U.S. Rep. Peter King’s recent decision to retire from Congress will end a distinguished career of public service to Long Island, New York and America. In a time when our politics is more fractured and contentious than ever, King’s service is an example worthy of recounting.
My experience with him goes back a half century, to when he and his young family moved to Seaford and he served in Nassau County government. As the Town of Hempstead’s presiding supervisor, I saw then that King had great personal and political gifts, and I encouraged him to run for the Hempstead Town Council. He won that seat, and thereby launched his career in elective office. He would go on to be elected county comptroller twice, and in 1992 was elected to Congress, where he joined me in representing New York.
I can honestly say that there is no one whose career I have supported who has made me prouder than Peter King. I got to witness his knack for international relations even before he was elected to Congress. In 1980, just after I was elected to the Senate, he persuaded me to join him on a fact-finding trip to Northern Ireland, which was then suffering amid a tragic and seemingly endless conflict with Great Britain known as “the Troubles.”
Troubles, indeed, as we found out when we arrived in Belfast and headed to our hotel, which had been attacked several times by the Irish Republican Army and was surrounded by sandbags to protect it from bombs. What happened over the next few days gave us a unique perspective on the conflict there that no amount of official briefings back in the U.S. could have provided.
And what I learned and applied throughout my own Senate service is that it’s critical to get firsthand knowledge of international conflicts directly from the parties involved. In those days, the IRA and its political arm, Sinn Fein, were pariahs among the U.S. diplomatic establishment. But as a proud Irish descendant, King established a rapport with leaders of the Irish resistance movement that would later help bring peace and an end to the Troubles. No less an authority than former British Prime Minister Tony Blair, who negotiated the Northern Ireland peace agreement, praised King’s peacemaking efforts, saying, “Once he saw a path to peace that was just and deliverable, he urged and campaigned for everyone to take it.”
But King’s skills as a negotiator and mediator among those with widely divergent points of view didn’t end with his work to help bring justice and lasting peace to Northern Ireland. Here at home, he established a well-deserved reputation as someone who would work tirelessly to bridge political and philosophical differences to find common ground and solve big challenges.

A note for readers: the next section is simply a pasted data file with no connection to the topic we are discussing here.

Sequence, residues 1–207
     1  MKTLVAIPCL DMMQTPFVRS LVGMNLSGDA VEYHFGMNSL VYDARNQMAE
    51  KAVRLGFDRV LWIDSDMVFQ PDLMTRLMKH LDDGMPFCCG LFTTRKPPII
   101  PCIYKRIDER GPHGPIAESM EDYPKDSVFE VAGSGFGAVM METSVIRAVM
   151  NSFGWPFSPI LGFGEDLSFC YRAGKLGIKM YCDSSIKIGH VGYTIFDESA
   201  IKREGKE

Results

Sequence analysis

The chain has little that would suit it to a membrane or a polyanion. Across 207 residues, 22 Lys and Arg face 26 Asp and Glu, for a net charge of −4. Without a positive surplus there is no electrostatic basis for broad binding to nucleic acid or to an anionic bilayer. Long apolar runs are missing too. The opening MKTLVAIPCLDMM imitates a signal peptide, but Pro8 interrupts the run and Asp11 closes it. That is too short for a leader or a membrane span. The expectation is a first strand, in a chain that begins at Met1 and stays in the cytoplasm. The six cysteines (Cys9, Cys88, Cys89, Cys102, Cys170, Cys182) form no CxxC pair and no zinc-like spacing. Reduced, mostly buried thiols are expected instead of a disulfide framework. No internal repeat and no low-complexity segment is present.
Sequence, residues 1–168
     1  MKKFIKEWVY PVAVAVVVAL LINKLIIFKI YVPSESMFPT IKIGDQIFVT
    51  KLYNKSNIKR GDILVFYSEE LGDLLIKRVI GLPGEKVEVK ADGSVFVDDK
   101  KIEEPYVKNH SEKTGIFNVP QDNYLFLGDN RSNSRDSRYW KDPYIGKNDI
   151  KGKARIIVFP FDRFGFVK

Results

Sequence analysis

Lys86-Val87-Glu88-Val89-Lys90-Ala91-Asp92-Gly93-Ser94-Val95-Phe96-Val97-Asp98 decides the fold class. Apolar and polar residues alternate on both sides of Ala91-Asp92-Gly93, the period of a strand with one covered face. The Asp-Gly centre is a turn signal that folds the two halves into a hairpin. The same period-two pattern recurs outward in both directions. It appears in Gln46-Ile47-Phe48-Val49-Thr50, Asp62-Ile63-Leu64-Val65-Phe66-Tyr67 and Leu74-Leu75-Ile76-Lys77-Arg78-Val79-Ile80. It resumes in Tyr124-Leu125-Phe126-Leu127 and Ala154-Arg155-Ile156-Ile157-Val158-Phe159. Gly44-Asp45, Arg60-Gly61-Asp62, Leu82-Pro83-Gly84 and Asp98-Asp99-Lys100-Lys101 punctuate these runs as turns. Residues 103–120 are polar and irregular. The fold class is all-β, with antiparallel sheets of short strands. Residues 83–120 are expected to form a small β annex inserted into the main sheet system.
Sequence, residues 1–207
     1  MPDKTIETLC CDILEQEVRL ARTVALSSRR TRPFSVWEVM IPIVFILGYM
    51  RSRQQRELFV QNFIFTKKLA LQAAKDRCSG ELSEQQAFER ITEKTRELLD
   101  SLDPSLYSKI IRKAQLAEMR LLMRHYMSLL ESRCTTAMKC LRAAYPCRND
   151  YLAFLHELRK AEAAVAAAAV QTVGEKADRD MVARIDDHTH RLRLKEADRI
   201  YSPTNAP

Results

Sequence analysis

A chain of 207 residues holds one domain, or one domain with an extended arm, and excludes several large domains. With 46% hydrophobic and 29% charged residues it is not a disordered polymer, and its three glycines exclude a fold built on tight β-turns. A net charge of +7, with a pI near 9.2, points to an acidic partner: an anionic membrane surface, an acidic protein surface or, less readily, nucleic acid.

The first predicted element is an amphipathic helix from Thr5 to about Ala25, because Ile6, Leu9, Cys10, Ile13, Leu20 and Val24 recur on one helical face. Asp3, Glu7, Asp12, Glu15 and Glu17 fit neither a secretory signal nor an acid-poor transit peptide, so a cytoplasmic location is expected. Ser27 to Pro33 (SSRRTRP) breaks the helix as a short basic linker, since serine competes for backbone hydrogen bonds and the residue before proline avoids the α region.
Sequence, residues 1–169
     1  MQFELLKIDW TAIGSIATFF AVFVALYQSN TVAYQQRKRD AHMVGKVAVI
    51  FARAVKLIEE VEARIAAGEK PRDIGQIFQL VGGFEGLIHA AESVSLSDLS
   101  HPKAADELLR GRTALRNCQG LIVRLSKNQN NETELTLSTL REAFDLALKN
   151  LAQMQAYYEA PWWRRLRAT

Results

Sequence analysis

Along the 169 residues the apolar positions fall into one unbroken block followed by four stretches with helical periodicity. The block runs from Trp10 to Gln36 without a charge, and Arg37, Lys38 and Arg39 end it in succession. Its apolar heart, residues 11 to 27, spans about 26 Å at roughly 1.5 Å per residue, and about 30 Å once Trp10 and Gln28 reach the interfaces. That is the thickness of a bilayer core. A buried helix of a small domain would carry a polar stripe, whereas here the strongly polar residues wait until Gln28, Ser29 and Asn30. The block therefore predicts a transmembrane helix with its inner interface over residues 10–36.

No one stood up more effectively after the Sept. 11 attacks to help rebuild New York and restore American confidence. The result was bipartisan support for billions of dollars in aid to New York for reconstruction, as well as for 9/11 victims’ and first responders’ survivors. And in the aftermath of the attacks, King took up the chairmanship of the House of Representatives’ Homeland Security Committee, where he helped guide the war on international terrorism.
The respect that he commanded from both sides of the political aisle in Congress was demonstrated again after Hurricane Sandy in 2012. Because King, a Republican, had built solid bridges to his Democratic colleagues and the administration of President Barack Obama, he was able to bring home to New York desperately needed disaster assistance for devastated Long Island communities, homeowners and businesses.
Our leaders today should heed these examples of effective bipartisan leadership. We need more Peter Kings in Congress — leaders more willing to reach across the political divide to take on America’s biggest challenges. Whether it’s the economy, immigration, health care or national security, putting aside our partisan differences to advance the common good is essential to our national success.
My successor in the Senate, Democrat Chuck Schumer, said of King, “Peter King stood head [and] shoulders above everyone else … I will miss him in Congress [and] value his friendship.” When a senator can praise someone from the opposing party as a colleague and friend, that says it all.
Al D’Amato, a former U.S. senator from New York, is the founder of Park Strategies LLC, a public policy and business development firm. Comments about this column? ADAmato@liherald.com.